The great Easter bake off
A Vakola resident is trying to keep the Easter spirit alive even in the lockdown with a range of delicious confectionaries
Bizman-author Stephen Covey once said, "If there's one thing that's certain in business, its uncertainty."
With the country battling the Coronavirus pandemic, self-employed persons are witnessing unusual and uncertain times. But that hasn't stopped Alisha Rodrigues, 25, from using her mixer, spatula and oven. For, Easter comes once a year. "I had to cancel all my workshops, which I hold one month prior to Easter every year. But I've decided to bake my way through self-isolation. It helps me keep sane and busy," says the Vakola resident who was "bitten by the baking bug" when she was 15. "My aunt is a cake decorator in Israel and my mother enjoys baking at home, but I didn't consider this a full-time job."
But a two-month-long course in cake decorating after Class X had her hooked. The next five years, until she graduated in 2015, Rodrigues baked cakes and cookies for her cousins, friends and family. Gradually, she started to take wedding cake orders. "When people started enjoying my baking, and encouraged me to take this up seriously, I went on to make two-tier, three and five-tier cakes."
Seeing her way through regular training workshops, she set up Bake Alish. Today, the young chef makes cakes, cupcakes, cookies, brownies, tarts, pies and more. "Mom used to enjoy making eggs during Easter. It is something I picked up from her. But in India, when you speak of Easter goodies, all you can think of are marzipans and meringues."
Rodrigues says because the competition is fierce, she tries giving a twist to traditional recipes. She has transformed the traditional almond marzipan and made it look like cake pop on a stick. "Not just are they a great gifting option, but easier for kids to eat, too."
½ cup butter
½ cup of castor sugar
¼ teaspoon vanilla extract
½ an egg, roughly beaten
Baking powder 1 teaspoon
1 ½ cup flour and a little more for dusting
1 cup royal icing for decorating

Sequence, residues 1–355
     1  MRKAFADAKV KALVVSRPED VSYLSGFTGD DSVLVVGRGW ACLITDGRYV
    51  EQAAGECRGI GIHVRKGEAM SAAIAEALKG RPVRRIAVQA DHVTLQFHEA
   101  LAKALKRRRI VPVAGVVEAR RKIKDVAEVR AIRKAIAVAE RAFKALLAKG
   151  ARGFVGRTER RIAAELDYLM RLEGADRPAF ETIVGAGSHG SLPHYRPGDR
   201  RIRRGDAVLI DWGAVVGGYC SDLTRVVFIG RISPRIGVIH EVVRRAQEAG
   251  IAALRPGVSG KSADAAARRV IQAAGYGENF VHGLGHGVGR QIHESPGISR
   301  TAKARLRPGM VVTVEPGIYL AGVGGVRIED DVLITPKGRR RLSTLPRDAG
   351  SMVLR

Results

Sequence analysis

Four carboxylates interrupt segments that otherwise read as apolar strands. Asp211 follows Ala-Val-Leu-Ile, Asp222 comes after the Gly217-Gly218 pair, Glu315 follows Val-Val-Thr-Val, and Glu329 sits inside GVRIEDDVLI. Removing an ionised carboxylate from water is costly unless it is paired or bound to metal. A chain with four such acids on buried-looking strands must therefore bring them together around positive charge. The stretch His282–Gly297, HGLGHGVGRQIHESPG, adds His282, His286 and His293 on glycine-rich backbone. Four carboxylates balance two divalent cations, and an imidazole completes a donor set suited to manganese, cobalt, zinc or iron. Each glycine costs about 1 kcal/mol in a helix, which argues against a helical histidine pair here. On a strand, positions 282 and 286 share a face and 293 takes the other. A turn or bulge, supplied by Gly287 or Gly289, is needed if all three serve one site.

Mix the baking powder and flour together, set aside. In another bowl, beat the butter, sugar, egg and vanilla extract together. Once done, add the flour mixture and form dough. Do not use an electric beater while adding the flour; form the dough using your fingers. Cling wrap and let it sit in the fridge for 30 minutes (not freezer). Next, sprinkle some flour onto a surface and roll the cookie dough, cut shapes using bunny cookie cutters and bake these in a preheated oven at 180 degrees C for 15-18 minutes. Decorate these cookies using royal icing.
Almond marzipan pop
Marzipan on a stick
100 grams powdered almonds
200 grams icing sugar
1 egg white (use as required)
2 drops almond or rose essence (optional)
200 grams coloured white chocolate, melted
Coloured sugar sprinkles for decorating
Add a beaten egg white to the essence in a bowl. In another bowl, combine the almond powder and icing sugar. Now, add the egg white a little at a time to form dough (use only as required). It's like making chapati dough where you add water only as required. Similarly, add egg white only as required to form the dough, you may not need all of it. Next, form egg shapes and push a wooden skewer through it. Dip these in melted chocolate and decorate using pretty sprinkles.
To order: 022 26671323
Price: Marzipan on stick (Rs 150 for pack of five); iced bunnies (Rs 250 for pack of five); meringues (Rs 70); Easter eggs (Rs 75 per egg)
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